Jack Ma is taking a weeks-long tour in Europe after largely disappearing from public view for almost two years, adding to signs that China’s government is easing pressure on the entrepreneur as he steps back from a business empire that had made him one of the country’s most powerful people.
The 57-year-old co-founder of Alibaba Group Holding Ltd. has popped up at restaurants in Austria, toured a university in the Netherlands to learn about sustainable agriculture and docked his yacht off the Spanish island of Mallorca, according to reporting by Bloomberg and local media.
While it’s not Ma’s first trip outside China since he criticized Communist Party officials in 2020 over regulation of his fintech giant Ant Group Co., it’s a stark change from the days when the billionaire was being advised by the government to not leave the country. In one sign of how skittish investors had been about the tycoon’s fate as recently as two months ago, Alibaba shares briefly lost $26 billion after a state media report that authorities had imposed curbs on a person surnamed Ma. Subsequent information made clear the report was referring to someone else.
Ma has had to make significant concessions to get out of the government dog house. After regulators torpedoed Ant’s hotly anticipated initial public offering in 2020, the company overhauled operations to comply with tighter controls and have discussed regularly with the country’s central bank how to “rectify” operations. In its early years, Ant’s success in services like digital payments and money market deposits threatened the dominance of major state-backed banks.
Ant has also verbally signaled to regulators that Ma intends to cede his control over the company, according to people familiar with the matter, adding they have conveyed those plans to officials and the central bank for years. One proposal under consideration involves transferring Ma’s shares to other executives so the company can be overseen by a committee, one of the people said.
In a filing this week, Alibaba reiterated that Ma “intends to reduce and thereafter limit his direct and indirect economic interest in Ant Group over time” to a percentage that does not exceed 8.8%. Ma currently holds 50.52% voting rights in Ant.
“A significant key man risk will be removed from the neck of Ant” if Ma cedes control, said Justin Tang, the head of Asian research at United First Partners.
Representatives from Ant, Alibaba and Ma’s foundation didn’t immediately respond to requests for comment. China’s central bank didn’t respond to a faxed request for comment.
The Wall Street Journal reported earlier that Ant told regulators Ma intends to give up control and could transfer some of his voting power to other top executives. Alibaba’s Hong Kong-listed shares fell 4% as of 9:49 a.m. on Friday.
Ma holds no management titles at Ant and giving up control of the company would cause little disruption for daily operations because he hasn’t been deeply involved for years, people familiar with the matter said, requesting not to be named discussing private information. Ma originally ended up with majority voting control as Ant was separated from Alibaba in a complex transaction aimed at minimizing conflicts with China’s regulations.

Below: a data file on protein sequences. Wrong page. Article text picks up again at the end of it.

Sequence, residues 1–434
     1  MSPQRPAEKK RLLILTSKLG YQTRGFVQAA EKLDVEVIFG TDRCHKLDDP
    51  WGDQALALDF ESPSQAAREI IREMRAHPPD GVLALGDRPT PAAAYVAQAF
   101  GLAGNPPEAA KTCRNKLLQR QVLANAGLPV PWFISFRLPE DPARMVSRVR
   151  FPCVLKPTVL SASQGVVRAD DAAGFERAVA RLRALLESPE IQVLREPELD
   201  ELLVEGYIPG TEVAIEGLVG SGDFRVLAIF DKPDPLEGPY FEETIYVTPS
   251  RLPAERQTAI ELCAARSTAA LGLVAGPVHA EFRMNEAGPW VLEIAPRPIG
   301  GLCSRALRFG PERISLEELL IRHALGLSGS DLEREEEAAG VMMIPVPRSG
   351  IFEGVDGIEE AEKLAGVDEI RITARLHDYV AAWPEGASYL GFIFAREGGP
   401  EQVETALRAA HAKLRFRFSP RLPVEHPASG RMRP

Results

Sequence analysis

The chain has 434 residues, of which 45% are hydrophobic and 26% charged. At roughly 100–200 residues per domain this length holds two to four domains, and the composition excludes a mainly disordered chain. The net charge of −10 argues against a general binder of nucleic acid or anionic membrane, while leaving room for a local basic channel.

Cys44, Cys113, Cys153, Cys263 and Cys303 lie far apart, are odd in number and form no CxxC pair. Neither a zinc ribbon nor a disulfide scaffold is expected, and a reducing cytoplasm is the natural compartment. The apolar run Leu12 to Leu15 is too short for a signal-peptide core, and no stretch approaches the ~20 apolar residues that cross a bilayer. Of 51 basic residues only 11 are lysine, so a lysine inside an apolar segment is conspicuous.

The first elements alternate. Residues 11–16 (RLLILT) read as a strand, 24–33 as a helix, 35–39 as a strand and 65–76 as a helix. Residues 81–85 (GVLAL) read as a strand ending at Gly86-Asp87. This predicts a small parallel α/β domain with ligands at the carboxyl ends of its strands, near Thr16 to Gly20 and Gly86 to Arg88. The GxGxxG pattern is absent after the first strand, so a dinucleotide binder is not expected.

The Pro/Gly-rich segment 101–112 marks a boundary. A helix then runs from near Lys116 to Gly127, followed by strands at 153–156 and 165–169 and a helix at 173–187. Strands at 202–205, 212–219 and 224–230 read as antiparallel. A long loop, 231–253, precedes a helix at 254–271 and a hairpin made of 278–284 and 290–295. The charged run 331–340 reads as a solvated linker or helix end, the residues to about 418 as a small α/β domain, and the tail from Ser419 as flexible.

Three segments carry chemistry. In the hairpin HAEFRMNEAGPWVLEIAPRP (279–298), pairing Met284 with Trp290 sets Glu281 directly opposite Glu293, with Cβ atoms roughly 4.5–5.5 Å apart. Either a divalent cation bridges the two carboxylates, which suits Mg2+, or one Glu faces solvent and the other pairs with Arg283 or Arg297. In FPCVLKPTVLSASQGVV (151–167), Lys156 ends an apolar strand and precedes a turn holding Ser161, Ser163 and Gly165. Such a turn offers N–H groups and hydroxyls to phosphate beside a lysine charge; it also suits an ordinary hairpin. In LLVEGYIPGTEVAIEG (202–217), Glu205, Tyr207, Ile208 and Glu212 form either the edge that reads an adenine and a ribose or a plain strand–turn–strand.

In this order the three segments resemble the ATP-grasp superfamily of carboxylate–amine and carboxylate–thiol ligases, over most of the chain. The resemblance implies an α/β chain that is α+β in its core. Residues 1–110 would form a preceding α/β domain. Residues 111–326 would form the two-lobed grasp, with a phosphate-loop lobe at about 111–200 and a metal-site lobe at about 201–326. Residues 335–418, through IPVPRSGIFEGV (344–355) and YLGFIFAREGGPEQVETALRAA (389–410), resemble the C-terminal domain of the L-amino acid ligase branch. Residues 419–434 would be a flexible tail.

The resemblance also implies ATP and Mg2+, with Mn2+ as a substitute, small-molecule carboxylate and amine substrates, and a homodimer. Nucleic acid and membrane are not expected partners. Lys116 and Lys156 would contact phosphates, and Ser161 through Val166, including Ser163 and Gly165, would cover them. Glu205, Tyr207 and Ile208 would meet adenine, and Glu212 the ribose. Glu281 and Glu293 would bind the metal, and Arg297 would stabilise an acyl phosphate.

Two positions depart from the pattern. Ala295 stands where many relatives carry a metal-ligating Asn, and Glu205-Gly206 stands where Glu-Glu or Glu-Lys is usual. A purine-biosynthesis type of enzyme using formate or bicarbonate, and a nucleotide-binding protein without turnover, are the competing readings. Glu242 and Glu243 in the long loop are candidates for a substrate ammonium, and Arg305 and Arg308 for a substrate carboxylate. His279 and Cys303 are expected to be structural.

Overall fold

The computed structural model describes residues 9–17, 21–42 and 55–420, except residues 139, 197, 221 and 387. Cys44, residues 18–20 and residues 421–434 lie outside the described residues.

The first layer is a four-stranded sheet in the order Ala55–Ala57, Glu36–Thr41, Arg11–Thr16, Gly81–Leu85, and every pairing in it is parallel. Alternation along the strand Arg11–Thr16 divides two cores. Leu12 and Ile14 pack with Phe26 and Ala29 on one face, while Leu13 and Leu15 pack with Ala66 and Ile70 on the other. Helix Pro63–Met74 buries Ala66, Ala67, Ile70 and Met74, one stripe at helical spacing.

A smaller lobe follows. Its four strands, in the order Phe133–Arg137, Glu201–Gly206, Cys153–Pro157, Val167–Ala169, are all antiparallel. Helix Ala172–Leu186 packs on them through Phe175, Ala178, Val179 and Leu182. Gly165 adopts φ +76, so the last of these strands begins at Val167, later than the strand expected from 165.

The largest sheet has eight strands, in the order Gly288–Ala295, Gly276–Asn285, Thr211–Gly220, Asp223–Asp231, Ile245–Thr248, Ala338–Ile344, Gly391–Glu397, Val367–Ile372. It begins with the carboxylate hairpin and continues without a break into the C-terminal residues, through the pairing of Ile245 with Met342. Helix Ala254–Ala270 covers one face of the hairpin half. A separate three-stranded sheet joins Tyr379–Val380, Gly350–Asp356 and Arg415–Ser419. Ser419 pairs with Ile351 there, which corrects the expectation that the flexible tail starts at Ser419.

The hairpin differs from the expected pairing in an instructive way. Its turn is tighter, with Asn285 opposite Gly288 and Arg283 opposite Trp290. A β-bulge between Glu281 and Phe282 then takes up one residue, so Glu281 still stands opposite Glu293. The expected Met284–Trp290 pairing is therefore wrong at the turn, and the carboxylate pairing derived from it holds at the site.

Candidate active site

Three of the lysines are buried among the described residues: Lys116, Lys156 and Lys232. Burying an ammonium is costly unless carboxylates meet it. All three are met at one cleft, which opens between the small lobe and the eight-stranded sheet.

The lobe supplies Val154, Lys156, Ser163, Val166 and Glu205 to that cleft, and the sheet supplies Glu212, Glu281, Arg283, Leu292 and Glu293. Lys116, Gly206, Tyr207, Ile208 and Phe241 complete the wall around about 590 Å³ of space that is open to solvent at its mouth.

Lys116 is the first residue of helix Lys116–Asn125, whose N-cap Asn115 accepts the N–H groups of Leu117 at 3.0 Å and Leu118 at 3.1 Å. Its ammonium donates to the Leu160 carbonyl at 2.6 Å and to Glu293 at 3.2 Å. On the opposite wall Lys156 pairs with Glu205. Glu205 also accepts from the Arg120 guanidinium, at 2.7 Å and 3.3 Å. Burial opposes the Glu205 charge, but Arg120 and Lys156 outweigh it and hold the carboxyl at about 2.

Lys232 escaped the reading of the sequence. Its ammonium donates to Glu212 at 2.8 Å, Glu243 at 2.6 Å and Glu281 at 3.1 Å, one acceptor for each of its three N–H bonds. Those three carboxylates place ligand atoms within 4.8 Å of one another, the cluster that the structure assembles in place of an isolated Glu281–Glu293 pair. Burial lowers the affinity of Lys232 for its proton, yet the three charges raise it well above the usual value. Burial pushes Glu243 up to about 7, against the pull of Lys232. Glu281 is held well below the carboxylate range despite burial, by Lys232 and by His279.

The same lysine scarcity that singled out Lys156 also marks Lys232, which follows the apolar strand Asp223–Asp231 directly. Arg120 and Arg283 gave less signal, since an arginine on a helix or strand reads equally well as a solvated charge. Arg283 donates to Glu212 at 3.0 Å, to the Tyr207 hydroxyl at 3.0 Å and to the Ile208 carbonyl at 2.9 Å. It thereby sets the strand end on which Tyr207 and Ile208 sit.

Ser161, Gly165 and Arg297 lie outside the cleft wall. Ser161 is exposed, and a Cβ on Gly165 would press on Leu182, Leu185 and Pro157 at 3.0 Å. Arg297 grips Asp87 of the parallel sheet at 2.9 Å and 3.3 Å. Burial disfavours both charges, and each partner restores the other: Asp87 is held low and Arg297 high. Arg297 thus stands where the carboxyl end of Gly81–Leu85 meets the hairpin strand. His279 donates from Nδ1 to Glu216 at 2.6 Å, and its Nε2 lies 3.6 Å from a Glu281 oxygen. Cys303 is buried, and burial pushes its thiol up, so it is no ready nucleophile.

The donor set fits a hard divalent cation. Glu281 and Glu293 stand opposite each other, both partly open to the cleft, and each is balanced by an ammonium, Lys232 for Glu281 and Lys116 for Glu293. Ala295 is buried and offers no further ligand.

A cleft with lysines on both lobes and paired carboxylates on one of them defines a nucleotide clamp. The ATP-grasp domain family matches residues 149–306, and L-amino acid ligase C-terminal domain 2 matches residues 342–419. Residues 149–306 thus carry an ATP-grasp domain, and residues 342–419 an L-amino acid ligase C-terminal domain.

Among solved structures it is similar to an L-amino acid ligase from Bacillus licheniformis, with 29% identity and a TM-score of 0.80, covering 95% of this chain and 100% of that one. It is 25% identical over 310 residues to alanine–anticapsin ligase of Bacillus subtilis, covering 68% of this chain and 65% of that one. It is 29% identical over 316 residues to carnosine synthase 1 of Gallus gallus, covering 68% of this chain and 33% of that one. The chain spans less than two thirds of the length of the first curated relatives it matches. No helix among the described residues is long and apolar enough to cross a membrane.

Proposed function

Ma’s decisions now may be a way to align with President Xi Jinping’s vision of achieving “common prosperity.” His companies are trying to meet the demands of China’s watchdogs, who have pledged to curb the “reckless” expansion of technology firms.
The Communist Party’s evolving stance toward the private sector has become one of the most closely watched developments in global markets in recent years, with some observers going as far as to call China’s sprawling internet sector uninvestable.
Even before Ma drew the ire of Chinese regulators, he had been distancing himself from the twin empires of e-commerce giant Alibaba and Ant. Ma stepped down as CEO of Alibaba in 2013 and then as chairman in 2019. He said as early as in 2014 he intended to reduce his stake in Ant to no more than 8.8% and he intends to donate 611 million shares to charity.
The ownership changes could delay the revival of Ant’s much anticipated IPO. China’s securities regulations state that companies can’t list on the A-share market if the controlling shareholder has changed in the past three years. The Nasdaq-like STAR market has a two-year waiting time, while Hong Kong’s is one year.
“While there will be a waiting period for Ant with this change, it will make little difference as the weak markets will mean that Ant is in no rush to be listed,” Tang said.
Ant is currently waiting for the central bank to agree to review its application for a financial holding license, a key step for the company to move forward for any chances of going public.
Once valued at $300 billion, Ant’s projected worth has plummeted after regulators curbed operations at the company’s most profitable units including consumer lending. Bloomberg Intelligence analyst Francis Chan estimated in June that Ant is worth about $64 billion.
As part of Ant’s restructuring, the company has ramped up its capital base to 35 billion yuan ($5.2 billion) and has moved to build firewalls in an ecosystem that once allowed it to direct traffic from payment platform Alipay, with a billion users, to services like wealth management and consumer lending.
Assets under management at its proprietary money-market fund Yu’ebao -- once the world’s largest -- dropped about 35% from a peak in March 2020 to 813 billion yuan as of June.
While Ant said in June it has no plans to initiate an IPO, the company’s Chairman Eric Jing said last year that it would eventually go public.“Jack Ma was already not holding any title in Alibaba. I don’t see this having a major impact on the company’s operations,” said Jian Shi Cortesi, investment director at GAM Investment Management in Zurich. But it will lead “investors to focus more on the company’s development rather than focusing on Jack Ma.”